Hamburg ,.I. A free state of the German empire, comprising the city of Hamburg with its suburbs, the district of Geest, and the bailiwicks of Bergedorf and Ritzebuttel; area, 158 sq. m.; pop. in 1871, 338,974, of whom the greater part are Lutherans, with 7,748 Roman Catholics and 13,796 Jews. The principal towns belonging to the territory of Hamburg are Barmbeck, Bergedorf, Borgfelde, Cuxha-ven, Eilbeck, Eimsbuttel, Hamm, Hohenfelde, Ritzebuttel, and Uhlenhorst. The state has one vote in the federal council, and sends three deputies to the German Reichstag. Its army is incorporated with the Prussian army, and its burgher guard no longer exists, having been disbanded in 1868. By the constitution which went into force Jan. 1, 1861, the government consists of a senate of 18 members and a house of burgesses of 192 members. The members of the senate are elected for life, though a senator may retire after ten years. The senators elect from among themselves a first and a second burgomaster, who hold their office for one year. Nine senators must have studied law, and the other nine are usually merchants.
Of the burgesses, 84 are chosen by general election, 48 are owners of real estate elected by the property holders, and 60 are representatives of the courts and the administration; their term is six years, and half the number are elected every three years. The revenue is derived mainly from direct taxes, principally the income tax, and the disbursements include the maintenance of unobstructed navigation of the Elbe, over which from the port to the mouth Hamburg has entire jurisdiction. The budget for 1873 estimated the revenue at $4,-716,000, the expenditure at $4,924,000, and the public debt at $9,051,000. II. One of the three free cities of Germany, on the N. bank of the Elbe, at the mouth of the Alster, 60 m. N. E. of Bremen, and 33 m. S. W. of Lubeck; lat. 53° 32' 51" N, Ion. 9° 58' 33" E.; pop. in 1871, 240,251. The Alster, a tributary of the Elbe, flows through the city and forms two basins, the outer and the inner Alster, and numerous canals intersect the city and communicate with both rivers. A magnificent bridge, begun in 1868 and finished in 1872, crosses the Elbe, and 60 other bridges span the rivers and canals. The old and new Jungfernstieg around the inner Alster, the Alsterdamm, and the Wall are the fashionable promenades, and the environs are places of resort.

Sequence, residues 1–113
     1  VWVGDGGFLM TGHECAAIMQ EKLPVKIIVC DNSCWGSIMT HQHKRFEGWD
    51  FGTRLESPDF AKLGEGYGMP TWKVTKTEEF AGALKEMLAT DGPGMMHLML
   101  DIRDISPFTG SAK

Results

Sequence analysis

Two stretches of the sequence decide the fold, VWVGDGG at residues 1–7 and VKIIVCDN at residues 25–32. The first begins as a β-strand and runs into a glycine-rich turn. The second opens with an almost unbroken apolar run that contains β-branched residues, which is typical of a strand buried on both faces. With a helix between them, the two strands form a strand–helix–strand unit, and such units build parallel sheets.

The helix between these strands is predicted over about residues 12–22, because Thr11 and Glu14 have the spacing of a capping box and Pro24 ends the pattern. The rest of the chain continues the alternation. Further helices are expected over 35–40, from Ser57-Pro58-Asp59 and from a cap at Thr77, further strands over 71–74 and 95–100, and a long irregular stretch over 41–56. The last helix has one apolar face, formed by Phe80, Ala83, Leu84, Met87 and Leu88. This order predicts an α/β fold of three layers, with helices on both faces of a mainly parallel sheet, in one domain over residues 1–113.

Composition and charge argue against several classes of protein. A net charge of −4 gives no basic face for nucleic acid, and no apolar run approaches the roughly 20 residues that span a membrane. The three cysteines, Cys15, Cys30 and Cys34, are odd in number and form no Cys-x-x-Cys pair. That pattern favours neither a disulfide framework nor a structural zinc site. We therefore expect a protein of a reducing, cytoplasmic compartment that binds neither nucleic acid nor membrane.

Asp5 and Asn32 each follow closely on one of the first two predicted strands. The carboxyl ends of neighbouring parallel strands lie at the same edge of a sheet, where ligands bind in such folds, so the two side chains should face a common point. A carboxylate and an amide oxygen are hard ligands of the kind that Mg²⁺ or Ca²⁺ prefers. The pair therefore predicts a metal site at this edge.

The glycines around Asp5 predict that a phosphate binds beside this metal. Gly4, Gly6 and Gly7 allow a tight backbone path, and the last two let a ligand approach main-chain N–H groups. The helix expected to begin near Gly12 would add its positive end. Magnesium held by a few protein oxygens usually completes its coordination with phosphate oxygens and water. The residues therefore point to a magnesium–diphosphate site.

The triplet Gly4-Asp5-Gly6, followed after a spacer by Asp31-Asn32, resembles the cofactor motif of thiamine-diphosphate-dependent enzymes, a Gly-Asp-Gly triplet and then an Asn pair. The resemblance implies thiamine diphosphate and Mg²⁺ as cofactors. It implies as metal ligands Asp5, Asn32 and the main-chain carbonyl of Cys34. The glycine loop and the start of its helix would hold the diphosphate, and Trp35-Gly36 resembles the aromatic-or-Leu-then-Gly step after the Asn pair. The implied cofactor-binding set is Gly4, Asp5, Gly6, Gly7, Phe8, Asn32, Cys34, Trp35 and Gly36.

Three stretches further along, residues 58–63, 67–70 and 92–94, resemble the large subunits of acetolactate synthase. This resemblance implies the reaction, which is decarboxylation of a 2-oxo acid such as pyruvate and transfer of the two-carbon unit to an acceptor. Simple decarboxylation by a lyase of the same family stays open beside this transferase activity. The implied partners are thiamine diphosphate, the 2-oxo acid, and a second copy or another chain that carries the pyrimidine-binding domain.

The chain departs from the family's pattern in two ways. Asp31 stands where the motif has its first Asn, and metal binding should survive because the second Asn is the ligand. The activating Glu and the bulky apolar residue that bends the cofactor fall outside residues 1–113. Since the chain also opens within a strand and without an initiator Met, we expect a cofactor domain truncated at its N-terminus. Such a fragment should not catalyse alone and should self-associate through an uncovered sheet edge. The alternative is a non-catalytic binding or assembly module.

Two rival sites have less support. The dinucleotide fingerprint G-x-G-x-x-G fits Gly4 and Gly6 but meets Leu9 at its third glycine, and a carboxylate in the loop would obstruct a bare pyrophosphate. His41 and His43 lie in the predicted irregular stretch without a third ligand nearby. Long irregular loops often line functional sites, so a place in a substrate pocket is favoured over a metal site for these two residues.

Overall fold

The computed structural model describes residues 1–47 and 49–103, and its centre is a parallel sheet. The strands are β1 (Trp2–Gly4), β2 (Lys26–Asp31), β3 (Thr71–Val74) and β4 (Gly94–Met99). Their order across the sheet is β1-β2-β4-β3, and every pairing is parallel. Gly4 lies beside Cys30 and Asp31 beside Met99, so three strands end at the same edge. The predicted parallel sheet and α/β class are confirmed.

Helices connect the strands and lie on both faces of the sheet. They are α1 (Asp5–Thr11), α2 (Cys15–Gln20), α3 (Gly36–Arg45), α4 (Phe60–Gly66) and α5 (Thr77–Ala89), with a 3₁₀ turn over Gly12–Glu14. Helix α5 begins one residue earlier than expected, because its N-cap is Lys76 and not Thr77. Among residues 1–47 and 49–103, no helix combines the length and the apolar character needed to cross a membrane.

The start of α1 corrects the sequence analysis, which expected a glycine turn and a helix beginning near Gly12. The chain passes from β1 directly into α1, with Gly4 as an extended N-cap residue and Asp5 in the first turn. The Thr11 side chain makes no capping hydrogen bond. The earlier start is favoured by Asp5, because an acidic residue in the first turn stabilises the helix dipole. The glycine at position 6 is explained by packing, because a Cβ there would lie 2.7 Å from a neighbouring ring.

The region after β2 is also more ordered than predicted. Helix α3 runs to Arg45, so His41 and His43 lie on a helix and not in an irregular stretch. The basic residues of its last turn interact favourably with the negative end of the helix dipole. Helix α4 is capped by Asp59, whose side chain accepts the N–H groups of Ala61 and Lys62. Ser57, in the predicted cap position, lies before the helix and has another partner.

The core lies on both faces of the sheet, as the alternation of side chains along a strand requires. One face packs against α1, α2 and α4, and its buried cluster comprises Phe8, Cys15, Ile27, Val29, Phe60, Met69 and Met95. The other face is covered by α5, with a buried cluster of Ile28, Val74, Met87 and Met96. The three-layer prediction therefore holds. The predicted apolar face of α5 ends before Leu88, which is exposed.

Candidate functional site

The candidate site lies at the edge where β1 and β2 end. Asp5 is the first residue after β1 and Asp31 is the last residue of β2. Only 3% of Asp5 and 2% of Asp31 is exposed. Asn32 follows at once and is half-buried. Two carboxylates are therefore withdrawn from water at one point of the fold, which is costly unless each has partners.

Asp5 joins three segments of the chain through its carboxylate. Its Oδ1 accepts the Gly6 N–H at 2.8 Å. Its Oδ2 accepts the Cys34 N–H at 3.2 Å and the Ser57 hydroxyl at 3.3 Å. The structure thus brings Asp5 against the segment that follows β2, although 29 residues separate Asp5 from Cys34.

One of the finest buildings is the exchange, which contains a mercantile library of 40,000 volumes. Other important edifices are the government house, with its great hall for civic feasts; the new museum, with a collection of modern pictures; the Johanneum college, containing the city library of 200,000 volumes and 5,000 manuscripts; the great hospital in the suburb of St. Georg, with accommodations for more than 4,000 patients; the orphan asylum, educating and providing for 000 pupils; the Jewish hospital, endowed by Salomon Heine in 1840, and now open to all denominations; and the Rauhes Haus, at Horn, near the city, founded in 1883 by Johann Heinrich Wichern, for the care and training of depraved and abandoned children. There are numerous other charitable and educational institutions, and the botanic and zoological gardens are among the most extensive in Germany. The church of St. Catharine dates from the 14th century; St. Nicholas and St. Peter are both modern Gothic edifices; St. James has a tower 343 ft. high; St. Michael is surmounted by a steeple 428 ft. high, one of the loftiest in Europe; the new synagogue for the orthodox Jews was opened in 1859. - Hamburg communicates by railway with the leading German cities, and by steamship with the principal ports of Europe, and with New York, New Orleans, Havana, and Brazil. The port is extensive; vessels drawing 14 ft. come up to the city, and their cargoes, discharged into barges, are distributed by the canals to the warehouses; larger ships discharge at Cux-haven. The emigration, mostly to the United States, amounted in 1870 to 32,556, in 1871 to 42,224, in 1872 to 74,406; and from 1846 to 1872 the total was 740,874. At the end of 1872 the merchant marine comprised 402 vessels, including 62 steamers, of an aggregate of upward of 200,000 tons; the entrances of sea-going vessels were 5,913, of which 728 were in ballast; the clearances were 5,872, of which 2,163 were in ballast; the number of steamers was 2,740. The imports in 1871 amounted to $442,000,000, and the maritime exports in 1872 (the official reports giving weights only) amounted to 13,448,000 cwt.